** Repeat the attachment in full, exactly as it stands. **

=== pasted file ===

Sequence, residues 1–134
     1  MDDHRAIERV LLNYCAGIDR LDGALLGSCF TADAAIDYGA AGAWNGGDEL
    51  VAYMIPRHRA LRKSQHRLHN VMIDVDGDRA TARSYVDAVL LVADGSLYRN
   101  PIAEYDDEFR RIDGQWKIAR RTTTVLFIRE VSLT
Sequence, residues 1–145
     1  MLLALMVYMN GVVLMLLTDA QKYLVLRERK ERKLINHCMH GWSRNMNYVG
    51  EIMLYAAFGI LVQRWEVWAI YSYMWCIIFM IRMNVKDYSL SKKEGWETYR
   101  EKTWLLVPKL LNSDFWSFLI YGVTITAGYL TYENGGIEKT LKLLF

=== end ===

Sequence, residues 1–134
     1  MDDHRAIERV LLNYCAGIDR LDGALLGSCF TADAAIDYGA AGAWNGGDEL
    51  VAYMIPRHRA LRKSQHRLHN VMIDVDGDRA TARSYVDAVL LVADGSLYRN
   101  PIAEYDDEFR RIDGQWKIAR RTTTVLFIRE VSLT
Sequence, residues 1–145
     1  MLLALMVYMN GVVLMLLTDA QKYLVLRERK ERKLINHCMH GWSRNMNYVG
    51  EIMLYAAFGI LVQRWEVWAI YSYMWCIIFM IRMNVKDYSL SKKEGWETYR
   101  EKTWLLVPKL LNSDFWSFLI YGVTITAGYL TYENGGIEKT LKLLF